Anyway, I looked at my matches -- which I hadn't done in some time -- and lo and behold, there was a man that they said matched me on 45 of 46 markers. (It later turned out that was wrong. They'd made a mistake, and it was 46 out of 46 -- a perfect match!) This man had the same surname I do, plus he was a somewhat prominent person (he had been a lieutenant governor). His line had already been traced back to the immigrant ancestor, and upon comparing notes, it seemed pretty certain that my 3rd great grandfather was a grandson of the immigrant. I still don't know with certainty which one of five brothers was my 4th great grandfather, but I've been able to narrow it down to one of two -- with one being more likely than the other.

My point is, this came as a lucky break, yes, but because I had "cast my bread upon the waters", as it were.

Baltimore1937
04-29-2014, 10:11 AM
I've been relying on Ancestry for most of my pre-1800 leads. I'm really quite lazy, and keep putting off lengthy research though. I received a message from a genealogist recently that perked my ears up, so to speak, although I still haven't completely followed up on it. It involves a Green family line in my maternal tree. I thought I had it figured out, going back to the 2nd colonial governor of Maryland. But now it looks like another side line is where I might end up. One problem is that entries at Ancestry aren't always complete. Where there should be a William, thee is nothing. But circumstantial evidence, plus that other guy's efforts, have pointed the way. I still connect to that colonial governor, apparently, but in a different line. It's possible I have a different female way back there in the altered line, which looks like a connection to the Calverts of yore. But I have work to do to sort that out later on.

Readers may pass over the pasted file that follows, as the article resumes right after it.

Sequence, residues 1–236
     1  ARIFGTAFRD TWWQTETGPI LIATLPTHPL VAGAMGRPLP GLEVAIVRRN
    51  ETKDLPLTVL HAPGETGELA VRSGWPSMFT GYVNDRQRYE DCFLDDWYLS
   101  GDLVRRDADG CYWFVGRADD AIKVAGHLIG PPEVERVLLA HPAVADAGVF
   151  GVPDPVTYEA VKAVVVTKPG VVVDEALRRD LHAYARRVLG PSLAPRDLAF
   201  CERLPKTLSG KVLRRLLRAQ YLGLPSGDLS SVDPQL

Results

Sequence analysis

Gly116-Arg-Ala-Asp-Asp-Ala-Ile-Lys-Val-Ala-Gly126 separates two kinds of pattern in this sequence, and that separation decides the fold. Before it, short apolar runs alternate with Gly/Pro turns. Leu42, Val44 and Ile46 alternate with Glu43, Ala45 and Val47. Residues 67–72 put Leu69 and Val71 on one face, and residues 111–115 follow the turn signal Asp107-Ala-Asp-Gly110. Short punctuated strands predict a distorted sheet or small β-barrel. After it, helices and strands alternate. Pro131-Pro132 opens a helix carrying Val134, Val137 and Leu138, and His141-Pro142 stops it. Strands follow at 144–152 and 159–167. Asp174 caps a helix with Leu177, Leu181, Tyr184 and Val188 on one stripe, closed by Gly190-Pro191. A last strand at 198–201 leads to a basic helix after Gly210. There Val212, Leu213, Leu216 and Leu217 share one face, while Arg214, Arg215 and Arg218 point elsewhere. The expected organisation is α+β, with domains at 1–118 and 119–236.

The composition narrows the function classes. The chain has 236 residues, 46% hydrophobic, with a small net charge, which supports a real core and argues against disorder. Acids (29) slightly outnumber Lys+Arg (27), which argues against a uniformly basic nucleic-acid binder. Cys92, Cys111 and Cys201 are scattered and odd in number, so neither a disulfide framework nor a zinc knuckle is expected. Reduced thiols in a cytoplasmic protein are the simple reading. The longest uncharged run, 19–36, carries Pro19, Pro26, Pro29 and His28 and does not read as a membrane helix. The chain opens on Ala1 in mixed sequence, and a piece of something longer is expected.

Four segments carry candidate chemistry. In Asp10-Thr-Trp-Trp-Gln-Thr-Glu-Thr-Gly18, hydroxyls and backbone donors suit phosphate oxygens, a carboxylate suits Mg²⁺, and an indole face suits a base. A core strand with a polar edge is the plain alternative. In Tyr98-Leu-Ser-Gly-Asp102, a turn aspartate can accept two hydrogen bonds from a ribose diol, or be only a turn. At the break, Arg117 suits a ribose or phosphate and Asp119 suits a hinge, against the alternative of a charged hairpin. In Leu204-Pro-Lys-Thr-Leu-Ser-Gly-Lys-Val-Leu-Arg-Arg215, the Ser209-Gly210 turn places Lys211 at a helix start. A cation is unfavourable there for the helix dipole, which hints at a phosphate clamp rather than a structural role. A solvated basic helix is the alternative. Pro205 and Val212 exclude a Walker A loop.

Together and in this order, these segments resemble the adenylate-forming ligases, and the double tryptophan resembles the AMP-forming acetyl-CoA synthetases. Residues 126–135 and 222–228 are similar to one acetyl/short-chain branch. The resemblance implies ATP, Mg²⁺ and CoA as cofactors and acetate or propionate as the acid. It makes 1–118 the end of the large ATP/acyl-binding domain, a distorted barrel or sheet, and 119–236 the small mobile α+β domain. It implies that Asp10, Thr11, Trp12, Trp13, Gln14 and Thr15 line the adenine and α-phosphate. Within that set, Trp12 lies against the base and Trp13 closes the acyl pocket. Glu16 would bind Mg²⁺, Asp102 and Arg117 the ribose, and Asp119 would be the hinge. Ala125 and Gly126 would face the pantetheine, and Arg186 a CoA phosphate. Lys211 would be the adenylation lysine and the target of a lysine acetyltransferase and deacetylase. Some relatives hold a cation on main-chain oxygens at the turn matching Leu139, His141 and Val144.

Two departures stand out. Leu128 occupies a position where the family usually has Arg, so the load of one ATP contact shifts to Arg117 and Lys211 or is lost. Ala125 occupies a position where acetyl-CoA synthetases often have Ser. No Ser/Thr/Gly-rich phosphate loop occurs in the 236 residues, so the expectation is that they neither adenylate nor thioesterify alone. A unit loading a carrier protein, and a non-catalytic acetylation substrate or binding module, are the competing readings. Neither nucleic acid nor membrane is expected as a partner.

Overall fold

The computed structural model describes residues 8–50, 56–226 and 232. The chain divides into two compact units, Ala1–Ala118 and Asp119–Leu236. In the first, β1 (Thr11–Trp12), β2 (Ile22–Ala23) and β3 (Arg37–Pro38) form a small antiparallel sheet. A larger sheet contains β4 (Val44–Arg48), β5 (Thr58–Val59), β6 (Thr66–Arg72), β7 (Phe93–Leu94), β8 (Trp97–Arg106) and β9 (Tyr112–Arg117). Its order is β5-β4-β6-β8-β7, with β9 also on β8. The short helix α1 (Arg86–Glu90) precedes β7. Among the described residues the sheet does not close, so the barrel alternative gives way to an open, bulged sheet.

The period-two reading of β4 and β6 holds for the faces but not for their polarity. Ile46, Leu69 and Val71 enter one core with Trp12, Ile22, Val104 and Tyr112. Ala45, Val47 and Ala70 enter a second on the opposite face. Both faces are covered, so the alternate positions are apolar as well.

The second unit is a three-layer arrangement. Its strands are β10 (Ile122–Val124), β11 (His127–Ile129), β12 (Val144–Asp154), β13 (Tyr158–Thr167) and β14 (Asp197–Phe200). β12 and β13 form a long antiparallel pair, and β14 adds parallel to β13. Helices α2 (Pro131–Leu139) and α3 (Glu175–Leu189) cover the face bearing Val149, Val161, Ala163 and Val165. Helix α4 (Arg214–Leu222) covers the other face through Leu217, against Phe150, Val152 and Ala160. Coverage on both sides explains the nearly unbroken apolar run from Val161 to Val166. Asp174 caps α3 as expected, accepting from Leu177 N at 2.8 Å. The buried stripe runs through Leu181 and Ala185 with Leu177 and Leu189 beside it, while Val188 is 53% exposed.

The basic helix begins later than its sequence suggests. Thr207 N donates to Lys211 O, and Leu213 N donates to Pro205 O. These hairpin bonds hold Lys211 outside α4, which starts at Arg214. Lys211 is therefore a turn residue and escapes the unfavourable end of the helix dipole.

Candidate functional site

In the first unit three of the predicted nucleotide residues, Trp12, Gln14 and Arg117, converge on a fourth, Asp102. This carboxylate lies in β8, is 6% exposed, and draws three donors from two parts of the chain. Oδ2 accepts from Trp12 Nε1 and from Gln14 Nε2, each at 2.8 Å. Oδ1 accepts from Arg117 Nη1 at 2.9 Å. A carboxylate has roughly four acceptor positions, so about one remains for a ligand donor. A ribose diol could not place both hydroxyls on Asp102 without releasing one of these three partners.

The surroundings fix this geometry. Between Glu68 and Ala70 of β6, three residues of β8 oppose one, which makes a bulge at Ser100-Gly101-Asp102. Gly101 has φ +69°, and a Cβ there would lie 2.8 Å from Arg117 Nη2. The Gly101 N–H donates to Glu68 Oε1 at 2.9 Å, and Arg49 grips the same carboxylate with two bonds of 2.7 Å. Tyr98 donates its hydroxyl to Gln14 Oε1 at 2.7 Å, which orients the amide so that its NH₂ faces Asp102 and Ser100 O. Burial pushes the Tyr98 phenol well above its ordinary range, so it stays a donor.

Baltimore1937
05-09-2014, 05:52 PM
I've been relying on Ancestry for most of my pre-1800 leads. I'm really quite lazy, and keep putting off lengthy research though. I received a message from a genealogist recently that perked my ears up, so to speak, although I still haven't completely followed up on it. It involves a Green family line in my maternal tree. I thought I had it figured out, going back to the 2nd colonial governor of Maryland. But now it looks like another side line is where I might end up. One problem is that entries at Ancestry aren't always complete. Where there should be a William, thee is nothing. But circumstantial evidence, plus that other guy's efforts, have pointed the way. I still connect to that colonial governor, apparently, but in a different line. It's possible I have a different female way back there in the altered line, which looks like a connection to the Calverts of yore. But I have work to do to sort that out later on.

later: I'm back to where I was. However I discovered that apparently there are two different trees where I had thought there was one larger one.